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When the data are in a contingency table, the formula to use is $df = (r-1)(c-1)$ where $r$ is the number of rows and $c$ is the number of columns. So in this particular case the answer will be 6.

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This isn't going to work, for three reasons That's not the test that cox.zph does. It hasn't been for years (as the comments point out). It now does the actual score test. You're looking at the correlation between the Schoenfeld residuals and time; the default in cox.zph is to use the Kaplan-Meier estimator instead of just time. You can't get around the ...

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What you propose looks OK. Since there is no estimated parameters, the number of degrees of freedom should be $10000 - 1$. Then you can find p-values from the $\chi^2_{9999}$ distribution. But your last paragraph indicated the setting is different: I can get alerts when a drive is above a threshold number of fragments relative to the number of fragments ...

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Just in case anyone is looking for the Python version of this, you can use scipy ch2_contingency: https://docs.scipy.org/doc/scipy/reference/generated/scipy.stats.chi2_contingency.html Using the same example as @Henry import numpy as np from scipy.stats import chi2_contingency obs = np.array([[10, 72], [20, 69]]) chi2, p, dof, ex = chi2_contingency(obs) ...

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There can be a lot of confusion about $\chi^2$ tests, as they appear in any application that involves sums of independent normally distributed random variables. The first version is the standard test for a contingency table or similar comparisons of known against expected values. The second version seems to be an application of minimum chi-square estimation, ...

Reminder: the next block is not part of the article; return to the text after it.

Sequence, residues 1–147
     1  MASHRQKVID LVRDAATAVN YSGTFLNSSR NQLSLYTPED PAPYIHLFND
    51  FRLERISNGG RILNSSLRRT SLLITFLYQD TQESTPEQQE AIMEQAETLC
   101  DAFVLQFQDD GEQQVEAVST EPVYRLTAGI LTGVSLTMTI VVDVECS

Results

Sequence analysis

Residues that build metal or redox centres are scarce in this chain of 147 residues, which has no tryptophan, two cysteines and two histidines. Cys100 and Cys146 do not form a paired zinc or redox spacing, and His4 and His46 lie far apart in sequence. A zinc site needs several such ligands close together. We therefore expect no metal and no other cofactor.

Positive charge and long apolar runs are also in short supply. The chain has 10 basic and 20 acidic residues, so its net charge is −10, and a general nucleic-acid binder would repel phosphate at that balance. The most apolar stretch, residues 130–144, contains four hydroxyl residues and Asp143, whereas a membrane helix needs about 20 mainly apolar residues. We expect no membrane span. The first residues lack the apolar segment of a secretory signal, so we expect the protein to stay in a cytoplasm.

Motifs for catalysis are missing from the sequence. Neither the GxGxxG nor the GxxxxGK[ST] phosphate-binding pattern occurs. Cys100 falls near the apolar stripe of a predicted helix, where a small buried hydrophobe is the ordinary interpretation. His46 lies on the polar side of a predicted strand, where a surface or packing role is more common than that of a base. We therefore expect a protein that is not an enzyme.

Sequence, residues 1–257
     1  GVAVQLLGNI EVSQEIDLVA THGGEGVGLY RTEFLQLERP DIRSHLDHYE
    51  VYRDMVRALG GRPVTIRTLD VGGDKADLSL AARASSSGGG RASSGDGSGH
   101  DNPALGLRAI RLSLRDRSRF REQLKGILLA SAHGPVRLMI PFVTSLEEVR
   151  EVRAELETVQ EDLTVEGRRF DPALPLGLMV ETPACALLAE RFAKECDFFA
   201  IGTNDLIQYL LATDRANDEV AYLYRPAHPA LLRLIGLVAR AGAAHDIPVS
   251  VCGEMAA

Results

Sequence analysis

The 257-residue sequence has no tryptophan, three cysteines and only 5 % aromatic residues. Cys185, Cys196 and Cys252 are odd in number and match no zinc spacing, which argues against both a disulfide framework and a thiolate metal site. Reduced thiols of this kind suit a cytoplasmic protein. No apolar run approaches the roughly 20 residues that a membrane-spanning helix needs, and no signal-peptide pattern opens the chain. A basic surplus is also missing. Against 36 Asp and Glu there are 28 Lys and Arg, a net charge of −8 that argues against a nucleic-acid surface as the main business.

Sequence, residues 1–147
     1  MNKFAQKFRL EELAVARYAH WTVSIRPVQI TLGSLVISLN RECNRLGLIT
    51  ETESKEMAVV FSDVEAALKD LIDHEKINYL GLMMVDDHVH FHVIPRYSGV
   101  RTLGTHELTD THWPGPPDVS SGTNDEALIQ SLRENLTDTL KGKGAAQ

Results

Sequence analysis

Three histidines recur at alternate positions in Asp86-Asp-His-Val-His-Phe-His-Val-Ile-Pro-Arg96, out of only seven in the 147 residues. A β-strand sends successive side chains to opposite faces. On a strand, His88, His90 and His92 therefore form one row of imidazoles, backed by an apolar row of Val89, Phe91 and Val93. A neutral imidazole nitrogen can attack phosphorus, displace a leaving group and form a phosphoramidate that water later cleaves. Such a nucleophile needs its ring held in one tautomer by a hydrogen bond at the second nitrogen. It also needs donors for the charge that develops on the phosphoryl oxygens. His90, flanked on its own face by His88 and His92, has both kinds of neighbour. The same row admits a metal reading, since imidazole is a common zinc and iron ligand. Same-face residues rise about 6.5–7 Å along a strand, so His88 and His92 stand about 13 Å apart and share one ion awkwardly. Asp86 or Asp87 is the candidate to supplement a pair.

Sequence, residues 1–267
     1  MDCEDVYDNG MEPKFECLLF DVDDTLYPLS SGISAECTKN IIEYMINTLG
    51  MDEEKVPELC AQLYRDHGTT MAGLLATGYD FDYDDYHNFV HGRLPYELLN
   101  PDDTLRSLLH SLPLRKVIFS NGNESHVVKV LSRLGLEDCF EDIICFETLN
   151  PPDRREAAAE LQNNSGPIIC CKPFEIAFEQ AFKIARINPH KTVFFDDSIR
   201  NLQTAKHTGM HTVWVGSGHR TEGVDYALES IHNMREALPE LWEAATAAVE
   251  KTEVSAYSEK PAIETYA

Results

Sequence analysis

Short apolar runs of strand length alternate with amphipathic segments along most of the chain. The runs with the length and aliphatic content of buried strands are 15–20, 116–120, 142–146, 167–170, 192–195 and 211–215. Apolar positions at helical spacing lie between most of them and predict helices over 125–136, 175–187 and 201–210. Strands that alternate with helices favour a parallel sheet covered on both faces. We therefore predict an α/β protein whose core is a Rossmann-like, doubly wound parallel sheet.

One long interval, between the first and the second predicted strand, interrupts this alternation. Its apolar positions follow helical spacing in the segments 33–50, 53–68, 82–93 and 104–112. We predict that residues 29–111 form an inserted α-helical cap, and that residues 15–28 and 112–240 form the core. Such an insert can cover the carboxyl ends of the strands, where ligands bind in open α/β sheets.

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Histograms, KDEs and ECDFs for comparing a sample to a distribution. Often (sample) empirical CDFs (ECDFs) give a better idea of the CDF of a population than histograms do at suggesting the density function. [To make an ECDF of a sample of size $n,$ sort the data, start at $0$ height at the left, increment upwards by $1/n$ at each sorted data point, ending ...

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In situations where providing code is helpful, it is almost always better for it to be code that actually runs. It's not just a matter of one_side_normal not being defined, you also don't say how you handle values over 4, which will give an error in hist However, in this case the answers are simple enough. Firstly: Your code rejects the null hypothesis ...

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The "exactness" of Fisher's test depends on the assumption that each of the row totals and column totals (the "margins") is given as part of the experimental design. That's what's meant by "fixed marginal distributions." In that case the distribution of counts among cells exactly follows a hypergeometric distribution. For ...